Let's consider Novella's first line of evidence in terms of the intellect rather than conscious states that have a non-controversial physical origin (like emotions): "Brain states will correlate to mental and behavioral states." It is easy to see how this is possible with emotions like anger. I am not familiar with the specifics of the evidence, but it is not hard to imagine some particular regions of the brain becoming active in a specific way when one is angry, and a different region when one is happy (or, perhaps, the same region in a different way.) Now consider what might happen when you think about anger rather than become angry. Is there some specific pattern of neural firing that accompanies the state of thinking about anger? Is this pattern identical across subjects? Such identity doesn't matter so much in the case of emotion, since we need not require that your emotion of anger be identical to my own. But if we are to think in the abstract about anger, and have a conversation about it, then we do require that our ideas of anger be exactly the same, not only in terms of being just like each other, but in terms of being exactly the same idea. Suppose that measurements show that, physiologically, your thinking of anger is not exactly the same as my thinking of anger. Does this shows that your idea of anger is not exactly the same as my idea of anger, in which case our conversation (and perhaps all conversations) involve a fundamental misunderstanding because we aren't really talking about the same ideas when we think we are? Or is there some way in which we are still talking about exactly the same idea of anger even though the physiology between us is not precisely identical? The former alternative involves a whole train of unpleasant philosophical consequences, and the real challenge is to establish, even in principle, how the latter alternative might be true. If the physics is all there is, and the physics is not identical, it is difficult to see how we can say the ideas are identical. Or, put in empirical terms, if an idea is a "brain state", then variations in brain states just are variations in ideas; saying two ideas aren't the same is the same as saying two brain states aren't the same and vice versa. But I am convinced that we can talk about identically the same ideas, whatever the similarity of our brain states, which is one reason Novella's summary of evidence does not yet convince me.
Suppose, however, that physiologically your thinking of anger is identical to my own to some degree of precision. In other words, the neuroscientists are successful in identifying a brain state correlated to anger that is identical among all human subjects. Another problem surfaces, and it is easier to see in the case of mathematical ideas. I am thinking of the number "one", which presumably correlates to a brain state. Now I think of the number "two", which presumably correlates to a different brain state. The brain is a finite physical organ; it is capable of assuming a vast but not infinite number of states. How many states can the brain assume in theory? A trillion? A quadrillion? A trillion trillion trillion? Whatever the number is, and let us call it a trillion for the sake of argument, what does it mean if I think of the number a trillion plus one? If thinking of a number corresponds to a brain state, then the potential numbers I might think about are finite, since the brain is finite. But this is clearly false; since I might potentially think about any number - and in particular, the number one more than whatever you say is the number of brain states. It must be true, then, that multiple numbers correspond to identical brain states in my thinking. How does, the materialist, then, account for a diversity of numbers derived from identical brain states? It is hard to see how the materialist case could possibly be sustained, since the distinction of numbers in this case would seem to require something immaterial - which is why the classical philosophers thought the intellect (that which conceives ideas) must be immaterial, even if the rest of mental life could be accounted for physically.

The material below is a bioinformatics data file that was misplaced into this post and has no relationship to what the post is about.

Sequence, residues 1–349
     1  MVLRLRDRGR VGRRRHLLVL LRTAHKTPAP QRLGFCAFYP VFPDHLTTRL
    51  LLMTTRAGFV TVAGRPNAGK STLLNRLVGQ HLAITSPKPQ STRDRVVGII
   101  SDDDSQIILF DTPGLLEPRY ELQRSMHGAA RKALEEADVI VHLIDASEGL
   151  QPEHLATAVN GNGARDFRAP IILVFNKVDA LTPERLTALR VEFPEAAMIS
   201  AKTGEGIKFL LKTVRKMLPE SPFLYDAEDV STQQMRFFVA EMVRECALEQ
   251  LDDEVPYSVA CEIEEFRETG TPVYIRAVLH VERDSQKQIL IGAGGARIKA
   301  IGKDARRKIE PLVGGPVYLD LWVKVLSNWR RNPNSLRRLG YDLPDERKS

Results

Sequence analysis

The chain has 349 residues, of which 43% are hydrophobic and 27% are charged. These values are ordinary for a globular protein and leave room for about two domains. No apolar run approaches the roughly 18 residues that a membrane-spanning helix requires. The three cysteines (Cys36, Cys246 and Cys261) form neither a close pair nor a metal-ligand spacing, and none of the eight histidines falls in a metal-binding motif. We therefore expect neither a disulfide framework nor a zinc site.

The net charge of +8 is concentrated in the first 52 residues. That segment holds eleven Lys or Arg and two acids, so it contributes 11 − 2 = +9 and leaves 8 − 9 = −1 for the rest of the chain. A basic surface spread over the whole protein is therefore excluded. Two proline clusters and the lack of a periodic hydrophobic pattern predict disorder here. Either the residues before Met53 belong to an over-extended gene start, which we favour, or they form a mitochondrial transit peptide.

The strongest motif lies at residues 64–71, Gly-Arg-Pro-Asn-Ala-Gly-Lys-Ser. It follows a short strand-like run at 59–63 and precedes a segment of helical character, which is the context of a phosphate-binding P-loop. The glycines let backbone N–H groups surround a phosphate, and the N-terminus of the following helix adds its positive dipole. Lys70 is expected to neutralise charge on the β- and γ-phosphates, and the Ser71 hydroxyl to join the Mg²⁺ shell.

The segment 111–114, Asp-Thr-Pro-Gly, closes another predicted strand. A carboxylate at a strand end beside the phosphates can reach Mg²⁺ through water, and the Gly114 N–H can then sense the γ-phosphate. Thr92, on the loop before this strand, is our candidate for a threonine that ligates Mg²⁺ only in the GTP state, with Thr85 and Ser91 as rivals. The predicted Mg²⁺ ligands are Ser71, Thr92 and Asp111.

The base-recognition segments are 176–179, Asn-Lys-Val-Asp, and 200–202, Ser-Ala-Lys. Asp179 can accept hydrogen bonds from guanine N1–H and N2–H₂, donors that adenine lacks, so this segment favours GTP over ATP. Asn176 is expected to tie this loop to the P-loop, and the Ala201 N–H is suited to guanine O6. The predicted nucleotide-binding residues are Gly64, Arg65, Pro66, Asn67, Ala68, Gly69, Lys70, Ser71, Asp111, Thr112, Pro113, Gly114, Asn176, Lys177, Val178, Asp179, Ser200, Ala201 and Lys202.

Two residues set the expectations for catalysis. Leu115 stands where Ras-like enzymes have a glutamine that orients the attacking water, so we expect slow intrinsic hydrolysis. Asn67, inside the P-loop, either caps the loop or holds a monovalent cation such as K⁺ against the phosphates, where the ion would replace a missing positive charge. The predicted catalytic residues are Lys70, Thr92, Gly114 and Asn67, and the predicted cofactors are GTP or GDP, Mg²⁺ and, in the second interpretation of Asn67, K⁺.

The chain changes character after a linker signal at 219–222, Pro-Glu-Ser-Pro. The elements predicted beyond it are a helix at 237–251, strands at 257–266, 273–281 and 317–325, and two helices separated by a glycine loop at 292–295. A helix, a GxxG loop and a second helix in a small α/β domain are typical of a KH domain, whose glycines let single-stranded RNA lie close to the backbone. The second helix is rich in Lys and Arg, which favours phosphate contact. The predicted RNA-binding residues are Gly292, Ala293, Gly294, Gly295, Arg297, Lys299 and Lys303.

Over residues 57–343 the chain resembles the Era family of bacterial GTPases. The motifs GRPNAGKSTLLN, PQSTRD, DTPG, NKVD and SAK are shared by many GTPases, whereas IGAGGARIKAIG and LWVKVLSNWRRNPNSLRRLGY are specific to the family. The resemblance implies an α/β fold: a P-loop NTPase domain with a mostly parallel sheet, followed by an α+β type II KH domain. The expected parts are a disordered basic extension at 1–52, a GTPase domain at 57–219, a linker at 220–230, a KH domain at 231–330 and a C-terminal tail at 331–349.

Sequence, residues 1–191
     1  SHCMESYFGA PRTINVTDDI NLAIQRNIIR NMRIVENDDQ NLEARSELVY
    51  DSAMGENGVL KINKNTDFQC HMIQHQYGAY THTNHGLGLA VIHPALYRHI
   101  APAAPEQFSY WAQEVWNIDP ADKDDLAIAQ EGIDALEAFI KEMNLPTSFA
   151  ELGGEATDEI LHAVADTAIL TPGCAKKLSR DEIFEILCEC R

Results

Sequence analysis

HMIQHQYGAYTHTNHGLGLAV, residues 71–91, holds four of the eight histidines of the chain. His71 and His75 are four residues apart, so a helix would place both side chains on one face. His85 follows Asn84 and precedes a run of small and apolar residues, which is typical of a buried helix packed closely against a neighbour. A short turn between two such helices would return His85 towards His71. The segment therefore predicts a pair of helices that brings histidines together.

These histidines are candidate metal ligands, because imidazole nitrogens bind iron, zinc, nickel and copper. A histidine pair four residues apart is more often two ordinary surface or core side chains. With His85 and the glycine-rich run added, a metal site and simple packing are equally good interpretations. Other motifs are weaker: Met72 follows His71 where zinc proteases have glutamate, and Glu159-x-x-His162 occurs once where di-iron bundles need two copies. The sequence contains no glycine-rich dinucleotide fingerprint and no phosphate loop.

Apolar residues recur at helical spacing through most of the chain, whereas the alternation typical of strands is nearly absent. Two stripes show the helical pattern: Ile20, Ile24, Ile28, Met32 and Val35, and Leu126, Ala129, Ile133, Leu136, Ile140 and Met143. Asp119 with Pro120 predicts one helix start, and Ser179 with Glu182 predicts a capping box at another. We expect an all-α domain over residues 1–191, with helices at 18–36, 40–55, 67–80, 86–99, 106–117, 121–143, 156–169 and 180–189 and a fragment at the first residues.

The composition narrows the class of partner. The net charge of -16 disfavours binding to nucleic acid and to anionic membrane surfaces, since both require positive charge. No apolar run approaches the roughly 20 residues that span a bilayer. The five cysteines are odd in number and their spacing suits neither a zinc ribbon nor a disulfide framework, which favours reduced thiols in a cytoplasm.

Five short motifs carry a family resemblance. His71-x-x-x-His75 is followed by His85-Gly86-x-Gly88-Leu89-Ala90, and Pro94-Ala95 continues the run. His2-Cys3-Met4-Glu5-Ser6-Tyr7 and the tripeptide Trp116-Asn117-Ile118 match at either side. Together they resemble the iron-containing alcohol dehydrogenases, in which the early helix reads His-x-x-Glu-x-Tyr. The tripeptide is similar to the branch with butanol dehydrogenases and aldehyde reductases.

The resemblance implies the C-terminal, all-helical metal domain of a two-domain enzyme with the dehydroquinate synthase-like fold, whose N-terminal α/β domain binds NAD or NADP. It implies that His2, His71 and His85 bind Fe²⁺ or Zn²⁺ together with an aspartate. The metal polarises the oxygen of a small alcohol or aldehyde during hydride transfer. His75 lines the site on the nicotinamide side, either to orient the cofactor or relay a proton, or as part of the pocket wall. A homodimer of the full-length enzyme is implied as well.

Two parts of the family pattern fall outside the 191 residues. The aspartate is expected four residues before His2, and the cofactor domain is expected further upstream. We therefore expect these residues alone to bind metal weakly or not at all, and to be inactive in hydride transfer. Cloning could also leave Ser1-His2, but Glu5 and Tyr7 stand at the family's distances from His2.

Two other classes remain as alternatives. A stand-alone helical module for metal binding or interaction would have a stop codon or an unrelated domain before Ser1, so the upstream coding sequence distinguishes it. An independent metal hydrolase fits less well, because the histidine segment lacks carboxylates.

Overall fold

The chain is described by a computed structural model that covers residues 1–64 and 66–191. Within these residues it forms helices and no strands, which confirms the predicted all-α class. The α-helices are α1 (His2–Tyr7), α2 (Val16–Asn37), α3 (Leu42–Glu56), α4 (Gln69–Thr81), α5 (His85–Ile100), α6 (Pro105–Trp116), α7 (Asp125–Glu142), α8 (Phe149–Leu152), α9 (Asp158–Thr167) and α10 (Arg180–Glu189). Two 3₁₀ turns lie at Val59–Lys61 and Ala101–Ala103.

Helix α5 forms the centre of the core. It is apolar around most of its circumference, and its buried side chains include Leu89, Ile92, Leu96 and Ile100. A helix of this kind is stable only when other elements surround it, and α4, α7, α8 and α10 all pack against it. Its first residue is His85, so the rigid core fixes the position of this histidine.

These sorts of questions are the real challenge (as far as I am concerned) for the materialist, and the classical philosophical case for the immaterial mind hasn't even been challenged until they are addressed. There are some conclusions to be drawn here about the interesting directions of scientific investigation. Instead of investigating brain state correlation to things like emotions or the sense of self - which even Aquinas held could have a purely physical basis - the investigation should correlate brain states to intellectual states. What is the brain state correlating to the thinking of the number "three?" Or thinking about the Pythagorean Theorem? Or thinking about the theory that the mind has a purely material basis? If we can stimulate brain states like emotions artificially, can we also stimulate intellectual states artificially? Can we stimulate someone to think of the number "three?" Or to think of the Pythagorean Theorem? I would find the results of such research extremely interesting. (I strongly suspect, of course, that there is no way to stimulate the brain to think of the number "three", precisely because multiple numbers (in fact, an infinity of numbers) must correspond to identical brain states. Merely physical stimulation would be "underdetermined" as far as what number would be thought.)